Cultural Percussionist

Max Roach Day

Maxwell Lemuel Roach (January 10, 1924 – August 16, 2007) was an American jazz drummer and composer. A pioneer of bebop, he worked in many other styles of music, and is generally considered alongside the most important drummers in history. He worked with many famous jazz musicians, including Coleman Hawkins, Dizzy Gillespie, Charlie Parker, Miles Davis, Duke Ellington, Thelonious Monk, Abbey Lincoln, Dinah Washington, Charles Mingus, Billy Eckstine, Stan Getz, Sonny Rollins, Eric Dolphy, and Booker Little. He was inducted into the DownBeat Hall of Fame in 1980 and the Modern Drummer Hall of Fame in 1992.

Roach also led his own groups, most notably a pioneering quintet co-led with trumpeter Clifford Brown and the percussion ensemble M’Boom. He made numerous musical statements relating to the civil rights movement.

Max Roach was born to Alphonse and Cressie Roach in the Township of Newland, Pasquotank County, North Carolina, which borders the southern edge of the Great Dismal Swamp. Many confuse the Township of Newland with Newland Town in Avery County, North Carolina. Although his birth certificate lists his date of birth as January 10, 1924, Roach has been quoted by Phil Schaap as having stated that his family believed he was actually born on January 8, 1925.

Roach’s family moved to the Bedford-Stuyvesant neighborhood of Brooklyn, New York when he was 4 years old. He grew up in a musical home, his mother being a gospel singer. He started to play bugle in parade orchestras at a young age. At the age of 10, he was already playing drums in some gospel bands.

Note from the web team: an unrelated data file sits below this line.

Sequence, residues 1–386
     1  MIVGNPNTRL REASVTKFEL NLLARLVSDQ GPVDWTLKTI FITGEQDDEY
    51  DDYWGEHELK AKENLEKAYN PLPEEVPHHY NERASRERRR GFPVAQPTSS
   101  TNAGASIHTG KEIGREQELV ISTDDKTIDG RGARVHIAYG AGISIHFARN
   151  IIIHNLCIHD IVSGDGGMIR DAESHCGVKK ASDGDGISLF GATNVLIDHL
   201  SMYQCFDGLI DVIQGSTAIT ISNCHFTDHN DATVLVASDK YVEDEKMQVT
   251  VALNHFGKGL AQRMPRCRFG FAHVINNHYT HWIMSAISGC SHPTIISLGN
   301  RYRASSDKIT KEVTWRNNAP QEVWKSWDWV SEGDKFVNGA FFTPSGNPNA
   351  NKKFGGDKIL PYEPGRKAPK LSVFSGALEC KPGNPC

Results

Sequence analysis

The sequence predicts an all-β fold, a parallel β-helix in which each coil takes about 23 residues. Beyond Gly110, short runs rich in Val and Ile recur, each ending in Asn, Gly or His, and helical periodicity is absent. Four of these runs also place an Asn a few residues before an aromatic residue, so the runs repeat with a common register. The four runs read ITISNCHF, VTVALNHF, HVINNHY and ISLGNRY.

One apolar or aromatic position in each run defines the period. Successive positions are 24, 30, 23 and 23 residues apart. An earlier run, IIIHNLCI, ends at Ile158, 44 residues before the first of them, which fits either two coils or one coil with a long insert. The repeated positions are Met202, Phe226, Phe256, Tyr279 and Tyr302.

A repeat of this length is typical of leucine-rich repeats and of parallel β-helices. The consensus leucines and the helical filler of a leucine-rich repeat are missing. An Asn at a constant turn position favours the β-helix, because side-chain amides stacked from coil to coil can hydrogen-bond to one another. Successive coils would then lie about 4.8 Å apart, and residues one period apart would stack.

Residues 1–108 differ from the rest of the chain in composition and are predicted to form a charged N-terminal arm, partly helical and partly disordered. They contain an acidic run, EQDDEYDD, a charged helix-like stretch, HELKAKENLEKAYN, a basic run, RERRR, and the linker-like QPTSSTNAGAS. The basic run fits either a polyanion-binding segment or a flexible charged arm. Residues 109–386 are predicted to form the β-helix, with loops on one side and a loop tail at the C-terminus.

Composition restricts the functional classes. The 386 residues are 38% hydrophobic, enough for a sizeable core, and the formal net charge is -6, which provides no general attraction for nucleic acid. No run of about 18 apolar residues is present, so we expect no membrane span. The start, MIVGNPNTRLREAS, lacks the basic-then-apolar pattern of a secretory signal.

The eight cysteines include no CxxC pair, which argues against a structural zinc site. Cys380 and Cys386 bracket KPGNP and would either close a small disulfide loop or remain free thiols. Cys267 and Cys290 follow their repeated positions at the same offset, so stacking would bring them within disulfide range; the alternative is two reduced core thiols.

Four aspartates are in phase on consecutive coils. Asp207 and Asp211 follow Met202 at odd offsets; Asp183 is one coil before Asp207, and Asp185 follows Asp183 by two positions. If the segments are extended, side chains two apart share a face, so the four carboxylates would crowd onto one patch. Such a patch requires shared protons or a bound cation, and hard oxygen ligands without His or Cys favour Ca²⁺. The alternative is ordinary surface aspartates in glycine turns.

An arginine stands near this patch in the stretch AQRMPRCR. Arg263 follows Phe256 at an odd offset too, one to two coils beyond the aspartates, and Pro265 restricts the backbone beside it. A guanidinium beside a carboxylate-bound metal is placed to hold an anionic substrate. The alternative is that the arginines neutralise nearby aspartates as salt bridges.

In 1942, as an 18-year-old recently graduated from Boys High School, he was called to fill in for Sonny Greer with the Duke Ellington Orchestra when they were performing at the Paramount Theater in Manhattan. He starting going to the jazz clubs on 52nd Street and at 78th Street & Broadway for Georgie Jay’s Taproom, where he played with schoolmate Cecil Payne.[5] His first professional recording took place in December 1943, supporting Coleman Hawkins.

He was one of the first drummers, along with Kenny Clarke, to play in the bebop style. Roach performed in bands led by Dizzy Gillespie, Charlie Parker, Thelonious Monk, Coleman Hawkins, Bud Powell, and Miles Davis. He played on many of Parker’s most important records, including the Savoy Records November 1945 session, which marked a turning point in recorded jazz. His early brush work with Powell’s trio, especially at fast tempos, has been highly praised.

 

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